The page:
Title page for ETD etd-12102008-132359

Type of Document Master's Thesis
Author Hunt, Joseph Edward
URN etd-12102008-132359
Title Evaluation of Leachate Chemistry from Coal Refuse Blended and Layered with Fly Ash
Degree Master of Science
Department Crop and Soil Environmental Sciences
Advisory Committee
Advisor Name Title
Daniels, Walter Lee Committee Co-Chair
Eick, Matthew J. Committee Co-Chair
Zelazny, Lucian W. Committee Member
  • oxyanions
  • acid mine drainage
  • reclamation
  • water quality
  • Waste
Date of Defense 2008-10-27
Availability unrestricted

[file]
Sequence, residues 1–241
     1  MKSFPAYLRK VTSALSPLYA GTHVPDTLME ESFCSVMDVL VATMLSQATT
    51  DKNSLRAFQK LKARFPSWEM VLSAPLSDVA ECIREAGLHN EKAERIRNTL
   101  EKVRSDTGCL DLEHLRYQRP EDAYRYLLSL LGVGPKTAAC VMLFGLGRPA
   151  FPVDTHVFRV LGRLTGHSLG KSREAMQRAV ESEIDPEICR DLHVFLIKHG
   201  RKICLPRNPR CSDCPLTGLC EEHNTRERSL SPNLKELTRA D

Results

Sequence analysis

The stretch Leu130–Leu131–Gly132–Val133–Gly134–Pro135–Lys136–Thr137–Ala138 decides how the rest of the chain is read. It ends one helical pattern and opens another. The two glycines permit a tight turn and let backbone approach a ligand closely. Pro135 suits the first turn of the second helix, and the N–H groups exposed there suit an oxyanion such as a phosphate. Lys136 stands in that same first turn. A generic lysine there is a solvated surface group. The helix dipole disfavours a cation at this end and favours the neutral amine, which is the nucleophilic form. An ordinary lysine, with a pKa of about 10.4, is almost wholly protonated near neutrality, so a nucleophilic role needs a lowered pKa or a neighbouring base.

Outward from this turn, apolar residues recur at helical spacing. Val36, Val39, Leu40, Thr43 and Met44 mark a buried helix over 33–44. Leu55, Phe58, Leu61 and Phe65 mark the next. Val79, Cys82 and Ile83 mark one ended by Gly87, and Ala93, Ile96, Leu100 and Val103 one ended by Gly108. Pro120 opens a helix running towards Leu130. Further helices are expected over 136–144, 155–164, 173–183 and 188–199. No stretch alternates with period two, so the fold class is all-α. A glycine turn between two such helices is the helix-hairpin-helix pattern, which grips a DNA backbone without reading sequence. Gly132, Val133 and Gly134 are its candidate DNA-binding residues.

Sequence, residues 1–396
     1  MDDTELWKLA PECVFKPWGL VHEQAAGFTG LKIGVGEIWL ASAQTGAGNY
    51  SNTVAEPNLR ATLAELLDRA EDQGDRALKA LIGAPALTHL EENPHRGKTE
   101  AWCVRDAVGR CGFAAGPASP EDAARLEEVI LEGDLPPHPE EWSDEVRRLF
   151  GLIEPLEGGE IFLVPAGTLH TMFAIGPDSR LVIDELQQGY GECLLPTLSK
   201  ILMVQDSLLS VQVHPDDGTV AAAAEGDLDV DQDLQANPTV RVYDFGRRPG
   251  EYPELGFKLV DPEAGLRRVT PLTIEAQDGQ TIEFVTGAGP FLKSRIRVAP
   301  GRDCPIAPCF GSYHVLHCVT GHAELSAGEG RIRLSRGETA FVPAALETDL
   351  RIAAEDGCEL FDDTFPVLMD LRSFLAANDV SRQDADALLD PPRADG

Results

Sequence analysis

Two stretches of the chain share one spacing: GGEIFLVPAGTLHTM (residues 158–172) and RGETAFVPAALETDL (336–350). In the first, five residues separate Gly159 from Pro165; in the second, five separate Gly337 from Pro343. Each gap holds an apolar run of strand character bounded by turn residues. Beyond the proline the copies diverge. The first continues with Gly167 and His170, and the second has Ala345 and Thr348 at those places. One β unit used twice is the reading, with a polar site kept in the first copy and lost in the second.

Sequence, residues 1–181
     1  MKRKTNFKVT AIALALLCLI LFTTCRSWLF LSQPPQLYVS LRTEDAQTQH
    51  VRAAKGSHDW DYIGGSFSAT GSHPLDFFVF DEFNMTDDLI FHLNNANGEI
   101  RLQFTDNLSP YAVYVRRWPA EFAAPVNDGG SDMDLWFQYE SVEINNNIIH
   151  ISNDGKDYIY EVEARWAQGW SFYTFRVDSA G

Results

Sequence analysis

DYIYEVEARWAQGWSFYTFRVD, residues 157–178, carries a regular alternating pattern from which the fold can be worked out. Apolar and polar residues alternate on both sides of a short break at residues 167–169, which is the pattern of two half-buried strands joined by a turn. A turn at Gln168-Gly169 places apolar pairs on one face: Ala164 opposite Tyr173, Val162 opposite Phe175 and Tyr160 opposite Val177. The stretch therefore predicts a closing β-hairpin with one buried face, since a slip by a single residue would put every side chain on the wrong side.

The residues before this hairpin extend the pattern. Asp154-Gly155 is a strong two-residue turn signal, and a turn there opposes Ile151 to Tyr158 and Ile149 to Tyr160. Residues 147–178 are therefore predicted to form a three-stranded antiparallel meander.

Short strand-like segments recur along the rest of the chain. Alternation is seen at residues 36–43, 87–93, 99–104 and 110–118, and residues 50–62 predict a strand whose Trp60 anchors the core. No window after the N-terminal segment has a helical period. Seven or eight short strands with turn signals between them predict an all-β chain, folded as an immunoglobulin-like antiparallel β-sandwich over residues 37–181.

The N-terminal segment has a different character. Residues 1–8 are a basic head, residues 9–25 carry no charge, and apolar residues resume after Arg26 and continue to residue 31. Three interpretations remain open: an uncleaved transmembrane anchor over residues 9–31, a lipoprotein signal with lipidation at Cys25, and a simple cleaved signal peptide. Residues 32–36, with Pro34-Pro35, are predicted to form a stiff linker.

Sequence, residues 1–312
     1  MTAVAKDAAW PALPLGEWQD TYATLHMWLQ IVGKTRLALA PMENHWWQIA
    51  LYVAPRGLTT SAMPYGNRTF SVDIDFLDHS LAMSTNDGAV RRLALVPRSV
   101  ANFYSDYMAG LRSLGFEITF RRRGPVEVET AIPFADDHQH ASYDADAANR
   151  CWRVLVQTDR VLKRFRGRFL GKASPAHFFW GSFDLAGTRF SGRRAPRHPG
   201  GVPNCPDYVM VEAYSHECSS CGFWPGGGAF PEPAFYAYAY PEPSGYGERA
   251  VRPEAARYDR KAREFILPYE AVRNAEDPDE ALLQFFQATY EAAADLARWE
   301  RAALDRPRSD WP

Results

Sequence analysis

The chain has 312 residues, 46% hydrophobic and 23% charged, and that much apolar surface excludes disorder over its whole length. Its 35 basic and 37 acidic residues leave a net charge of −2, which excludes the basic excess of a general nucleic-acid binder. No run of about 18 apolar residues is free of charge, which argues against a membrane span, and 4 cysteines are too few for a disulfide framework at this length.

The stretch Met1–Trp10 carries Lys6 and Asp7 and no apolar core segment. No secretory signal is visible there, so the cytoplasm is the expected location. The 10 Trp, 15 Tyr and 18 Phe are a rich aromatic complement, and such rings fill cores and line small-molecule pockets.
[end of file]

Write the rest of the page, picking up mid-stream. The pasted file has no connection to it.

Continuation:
Alkaline fly ash has been studied as a liming agent within coal refuse fills to reclaim acid-forming refuse. Previous studies focused on bulk blending ash with acid-forming (pyritic) refuse. A better representation of field conditions is a “pancake layer” of ash above the refuse. A column study was initiated to evaluate the leachate chemistry from acid-forming refuse-ash bulk blends vs. ash over refuse layers. An acidic and an alkaline ash were blended with, or layered over, acid-forming refuse and sandstone and packed into columns which were leached with deionized water twice a week for 24 weeks under unsaturated conditions. Leachates were analyzed for pH, electrical conductivity, and a suite of elements with a focus on the oxyanions of As, Cr, Mo, and Se. A sequential extraction procedure revealed a significant portion of the elements in the residual fraction for the refuse/spoil substrates and in metal-oxide bound fractions for the ashes prior to leaching, and a general trend for a greater proportion of oxyanion elements to be associated with metal oxide fractions after leaching. Bulk-blended treatments maintained higher leachate pH than corresponding layered treatments. The acidic ash and refuse pancaked treatments exhibited relatively high initial concentrations of most elements analyzed. Pancake layers of ash over refuse are an inadequate co-disposal method to prevent and mitigate acid mine drainage. Blending alkaline ash with refuse to acid-base accounting specifications should improve leachate quality overall, but there may be water quality concerns for loss of Se and other soluble ions during initial leaching events.
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